Table 3
 
Chase experiment: Output of random effects regression model. Occlusion period (OP), target speed (TS), and destination speed (DS) were treated as covariates rather than factors because linear relationships were found between these terms and response errors.
Table 3
 
Chase experiment: Output of random effects regression model. Occlusion period (OP), target speed (TS), and destination speed (DS) were treated as covariates rather than factors because linear relationships were found between these terms and response errors.
Attract: Target and line approach one another
Observation of box and whisker plots (Figure 2B) of response errors for each speed condition and occlusion period indicates two patterns in the data. Across all conditions, responses occurred: (1) less late and/or increasingly early as occlusion period increased; and (2) less late and/or increasingly early as destination speed increased (when target speed was held constant, e.g., conditions 10|10 to 10|15 to 10|20, and 15|10 to 15|15). The effects of alterations in target speed were inconsistent and appeared to depend on accompanying destination speed. For example, for the slowest destination speed (10°/s) there appeared to be no change in response errors as target speed increased (e.g., 10|10, 15|10, and 20|10) but for the middle destination speed (15°/s) the response errors indicated that responses occurred less early and/or increasingly late as target speed increased (e.g., 10|15 and 15|15). 
Regression modeling indicated that response errors were unaffected by group (p = 0.231) but were significantly affected by target speed, destination speed and occlusion period and their interactions (p < 0.001). However, the proportion of the overall variance in the data that was explained by the model when including both main and interaction terms (overall r2 = 0.101) was again only marginally greater than when including only main terms (overall r2 = 0.1). Hence, we accepted the simpler (main terms only) model (p < 0.001, Table 4). Coefficients for the main effects indicate that responses occurred less late and/or increasingly earlier as destination speed increased and as occlusion period increased. They also indicate a non-linear effect of target speed whereby an increase in target speed from 10°/s to 15°/s led to a greater change in response errors (+73 ms per deg/s change in target speed) than an increase in target speed from 10°/s to 20°/s (+38 ms per deg/s change in target speed).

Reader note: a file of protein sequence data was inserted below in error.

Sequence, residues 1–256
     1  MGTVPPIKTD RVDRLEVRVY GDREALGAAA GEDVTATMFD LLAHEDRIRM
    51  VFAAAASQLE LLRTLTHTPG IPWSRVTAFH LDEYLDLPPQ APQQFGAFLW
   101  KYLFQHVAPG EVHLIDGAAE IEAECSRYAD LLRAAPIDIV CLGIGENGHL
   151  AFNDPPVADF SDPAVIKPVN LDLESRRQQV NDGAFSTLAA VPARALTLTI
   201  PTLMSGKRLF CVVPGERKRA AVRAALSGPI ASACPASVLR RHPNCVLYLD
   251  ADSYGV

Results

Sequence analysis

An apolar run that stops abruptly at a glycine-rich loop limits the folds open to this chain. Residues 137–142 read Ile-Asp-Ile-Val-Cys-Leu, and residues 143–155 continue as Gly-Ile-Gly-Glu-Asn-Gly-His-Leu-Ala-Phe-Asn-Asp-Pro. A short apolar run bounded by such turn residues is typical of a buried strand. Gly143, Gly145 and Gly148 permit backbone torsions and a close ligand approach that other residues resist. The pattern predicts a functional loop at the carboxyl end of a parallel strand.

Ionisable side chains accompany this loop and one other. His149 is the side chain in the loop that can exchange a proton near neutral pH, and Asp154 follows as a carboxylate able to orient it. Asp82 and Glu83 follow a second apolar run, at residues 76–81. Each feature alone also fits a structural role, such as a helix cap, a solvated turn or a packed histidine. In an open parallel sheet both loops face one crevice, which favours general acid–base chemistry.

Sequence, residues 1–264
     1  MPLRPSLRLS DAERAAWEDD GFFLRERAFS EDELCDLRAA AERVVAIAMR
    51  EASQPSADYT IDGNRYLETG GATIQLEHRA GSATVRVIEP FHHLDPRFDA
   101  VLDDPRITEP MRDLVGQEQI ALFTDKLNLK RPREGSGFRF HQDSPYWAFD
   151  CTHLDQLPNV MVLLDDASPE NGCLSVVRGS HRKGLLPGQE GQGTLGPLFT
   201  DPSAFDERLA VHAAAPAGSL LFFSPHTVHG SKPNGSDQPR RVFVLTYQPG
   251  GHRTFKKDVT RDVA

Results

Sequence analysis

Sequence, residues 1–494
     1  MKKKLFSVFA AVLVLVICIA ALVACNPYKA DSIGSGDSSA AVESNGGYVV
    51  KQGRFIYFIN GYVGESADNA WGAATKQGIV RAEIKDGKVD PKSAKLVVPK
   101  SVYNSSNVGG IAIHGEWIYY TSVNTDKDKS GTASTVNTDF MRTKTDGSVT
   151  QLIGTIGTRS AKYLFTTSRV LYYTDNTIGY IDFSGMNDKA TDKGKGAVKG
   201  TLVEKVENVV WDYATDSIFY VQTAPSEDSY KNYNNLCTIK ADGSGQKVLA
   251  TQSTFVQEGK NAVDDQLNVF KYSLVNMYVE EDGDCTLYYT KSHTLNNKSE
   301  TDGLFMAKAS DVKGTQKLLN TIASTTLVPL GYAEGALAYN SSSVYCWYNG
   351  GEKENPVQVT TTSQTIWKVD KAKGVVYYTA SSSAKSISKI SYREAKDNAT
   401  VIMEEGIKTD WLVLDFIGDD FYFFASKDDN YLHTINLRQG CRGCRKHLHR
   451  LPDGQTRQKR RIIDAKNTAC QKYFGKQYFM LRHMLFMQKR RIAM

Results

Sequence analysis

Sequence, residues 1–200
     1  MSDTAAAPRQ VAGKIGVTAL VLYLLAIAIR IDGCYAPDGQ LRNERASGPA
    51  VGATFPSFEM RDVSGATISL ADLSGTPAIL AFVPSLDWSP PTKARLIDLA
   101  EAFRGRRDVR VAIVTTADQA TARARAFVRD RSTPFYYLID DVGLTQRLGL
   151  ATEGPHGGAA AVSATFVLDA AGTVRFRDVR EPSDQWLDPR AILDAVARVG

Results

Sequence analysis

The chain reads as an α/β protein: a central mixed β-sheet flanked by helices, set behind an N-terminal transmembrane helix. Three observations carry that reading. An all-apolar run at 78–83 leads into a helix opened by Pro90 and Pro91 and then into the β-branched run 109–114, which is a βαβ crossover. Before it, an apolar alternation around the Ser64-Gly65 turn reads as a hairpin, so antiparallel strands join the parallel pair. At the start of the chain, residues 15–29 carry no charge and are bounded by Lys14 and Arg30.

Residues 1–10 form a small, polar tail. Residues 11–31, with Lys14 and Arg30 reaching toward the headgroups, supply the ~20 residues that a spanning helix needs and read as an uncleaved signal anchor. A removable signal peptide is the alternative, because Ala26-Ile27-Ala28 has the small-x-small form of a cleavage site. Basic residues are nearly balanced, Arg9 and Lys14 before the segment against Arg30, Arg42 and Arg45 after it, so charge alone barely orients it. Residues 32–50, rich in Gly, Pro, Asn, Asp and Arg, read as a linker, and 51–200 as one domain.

Table 4
 
Attract experiment: Output of random effects regression model. Occlusion period (OP) and destination speed (DS) and were treated as covariates rather than factors because linear relationships were found between these terms and response error. Target speed (TS) was treated as a factor.
Table 4
 
Attract experiment: Output of random effects regression model. Occlusion period (OP) and destination speed (DS) and were treated as covariates rather than factors because linear relationships were found between these terms and response error. Target speed (TS) was treated as a factor.
Discussion
Much of current understanding regarding the ability to internally represent an occluded trajectory is informed by work using the prediction motion (PM) task (Peterken et al., 1991; Lyon & Waag, 1995; De Lucia & Liddell, 1998; Benguigui et al., 2003; Bennett et al., 2010b; Bosco et al., 2015). Typically, the PM task requires a participant to estimate time to contact (TTC) of a target that moves at a particular speed and then becomes occluded or disappears as it approaches a fixed destination. Accordingly, it has been suggested that participants could estimate TTC based on information available prior to target occlusion (see De Lucia & Liddell, 1998). Here, we conducted two novel variations of the PM task in which optimal performance required participants to take account of information from both a moving target and a moving destination. Specifically, we investigated the ability to estimate TTC of a target at a destination that was either retreating from a target (Chase) or approaching it (Attract). Given the previously reported influence of prior experience on PM performance (Nakamoto et al., 2015), we also sought to determine if temporal estimation in these novel tasks differed as a function of expertise in ball sports (i.e., domain-specific expertise). To summarize our results, we found that in both Chase and Attract tasks, response errors did not vary by sporting expertise. However, there were independent influences of target speed, destination speed, and occlusion period. To aid interpretation of these findings, we present a revision to the linear model of response timing in traditional PM tasks (i.e., moving target and stationary destination) proposed by Yakimoff et al. (1987) and Yakimoff et al. (1993). This revision closely reproduces the pattern of response errors observed in our experimental data where both the target and destination are in motion. Key to this is replication of the bias in the internal representation of target speed (and thus estimated TTC) by retinal input from the observed moving destination. 
Modeling TTC estimation
In prediction motion experiments where the target moves toward a stationary destination (Peterken et al., 1991; Baurès et al., 2010) it is common to find that participants respond earlier as occlusion period increases. Yakimoff et al. (1987) and Yakimoff et al. (1993) proposed that this occurs in part because participants overestimate target speed. They suggested response times can be modeled as: